• DonMidwest

    Dan Froomkin just published an article and linked your transcript of the speech.

    Dan is now working for First Look Media and the first publication of it, The Intercept. Glenn Greenwald, Jeremy Scahill and others work there as well.

  • Taxed 2 MUCH

    Where’s the outrage over the IRS use of power?
    SELECTIVE outrage is unbecoming

    • Locke


      You clearly would rather look at sound bite news than the facts…..

  • nomanzone

    If you give your meanest attack dogs unlimited red meat and complete freedom to go after your enemy for years, they will turn on their master when he tries to put a leash back on them.

    The NSA and CIA are now untamed monsters with their lives and purposes of their own. It is time to take back their powers and cut their budgets before more harms are be done to this country.

  • Ed Campbell

    I love Ed Snowden’s description – Senator Feinstein gets to have a Merkel moment. She discovered the thugs she’s been covering up for – snooped on her own activities.

    Chickens, roost, etc..

  • ian807

    Dear Congress. When you voted for the Patriot Act, when you allowed the formation of secret laws, secret committees, secret panels. Did you think it would never come back to haunt you? Really? If so, I submit that you are simply not competent to hold public office, or do much else, for that matter, due to excessive gullibility.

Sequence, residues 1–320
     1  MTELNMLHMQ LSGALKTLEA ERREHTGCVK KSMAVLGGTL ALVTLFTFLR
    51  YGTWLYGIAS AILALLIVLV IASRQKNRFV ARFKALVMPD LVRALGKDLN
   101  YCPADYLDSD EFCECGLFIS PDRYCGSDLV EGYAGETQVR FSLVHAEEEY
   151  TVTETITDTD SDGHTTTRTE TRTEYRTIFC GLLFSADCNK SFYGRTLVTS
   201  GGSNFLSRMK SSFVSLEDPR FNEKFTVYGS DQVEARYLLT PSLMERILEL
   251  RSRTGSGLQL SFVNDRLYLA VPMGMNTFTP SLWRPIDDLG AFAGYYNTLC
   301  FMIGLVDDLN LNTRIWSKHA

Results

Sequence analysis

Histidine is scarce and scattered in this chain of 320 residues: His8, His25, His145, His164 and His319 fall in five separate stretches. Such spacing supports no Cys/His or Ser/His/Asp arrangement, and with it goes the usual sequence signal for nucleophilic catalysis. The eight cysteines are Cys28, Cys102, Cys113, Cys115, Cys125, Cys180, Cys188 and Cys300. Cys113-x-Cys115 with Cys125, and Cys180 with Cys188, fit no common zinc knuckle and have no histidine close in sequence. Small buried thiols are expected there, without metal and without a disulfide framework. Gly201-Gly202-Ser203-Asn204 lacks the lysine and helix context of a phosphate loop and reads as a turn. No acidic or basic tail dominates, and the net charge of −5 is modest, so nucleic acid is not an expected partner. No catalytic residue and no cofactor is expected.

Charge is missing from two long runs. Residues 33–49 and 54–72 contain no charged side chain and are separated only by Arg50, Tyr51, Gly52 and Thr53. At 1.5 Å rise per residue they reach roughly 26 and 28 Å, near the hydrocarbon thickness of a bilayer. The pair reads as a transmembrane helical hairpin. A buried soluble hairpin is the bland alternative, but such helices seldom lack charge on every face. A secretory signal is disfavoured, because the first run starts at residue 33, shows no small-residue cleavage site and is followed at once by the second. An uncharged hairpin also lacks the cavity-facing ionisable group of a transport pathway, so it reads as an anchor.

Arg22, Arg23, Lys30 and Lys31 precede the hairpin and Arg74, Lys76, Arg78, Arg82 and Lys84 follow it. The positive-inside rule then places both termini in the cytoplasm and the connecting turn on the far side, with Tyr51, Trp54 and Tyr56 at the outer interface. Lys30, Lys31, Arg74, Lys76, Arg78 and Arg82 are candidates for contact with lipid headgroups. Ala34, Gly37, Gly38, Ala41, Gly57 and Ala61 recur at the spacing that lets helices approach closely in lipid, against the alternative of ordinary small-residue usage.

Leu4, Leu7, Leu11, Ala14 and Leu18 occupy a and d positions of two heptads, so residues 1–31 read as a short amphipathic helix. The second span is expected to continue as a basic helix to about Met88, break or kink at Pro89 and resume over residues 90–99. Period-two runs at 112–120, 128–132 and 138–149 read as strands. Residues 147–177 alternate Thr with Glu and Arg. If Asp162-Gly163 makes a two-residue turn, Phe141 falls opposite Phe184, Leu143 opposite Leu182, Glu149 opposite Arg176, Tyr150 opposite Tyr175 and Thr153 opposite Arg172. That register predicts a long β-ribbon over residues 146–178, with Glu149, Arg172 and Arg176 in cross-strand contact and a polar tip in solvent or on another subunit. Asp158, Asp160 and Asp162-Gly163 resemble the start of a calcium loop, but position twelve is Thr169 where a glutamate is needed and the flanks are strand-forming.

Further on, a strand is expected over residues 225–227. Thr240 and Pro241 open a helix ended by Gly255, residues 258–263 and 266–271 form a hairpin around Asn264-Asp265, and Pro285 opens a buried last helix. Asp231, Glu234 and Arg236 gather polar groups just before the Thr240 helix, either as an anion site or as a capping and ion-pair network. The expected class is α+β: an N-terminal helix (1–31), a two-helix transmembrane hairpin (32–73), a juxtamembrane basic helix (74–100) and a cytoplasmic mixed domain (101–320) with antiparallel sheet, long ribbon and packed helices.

• bigmuny

    It’s time to review where we are headed and why…

  • Plow Comms

    In this article, a Bolshevik liberal openly wages ideological warfare against the ideas and institutions of our sacred Constitution:

  • BMarie

    Why are we still wasting millions of dollars with this ridiculous investigation of the CIA that’s been going on for years? I don’t really care what they did to those terrorists – we didn’t hack off their heads like the terrorists did to Daniel Pearl while he was still alive. I was overseas when that video came out and it was broadcast on TV and I watched it and saw what barbarians these people are, and I use the word “people” very loosely. It should have been shown here too and maybe the bleeding heart liberals who seem to always be on the side of the criminals would quit whining about this. What we did to a few of them was nothing in comparison. Feinstein’s committee should quit publicizing all of this – we are beginning to look like a third world nation.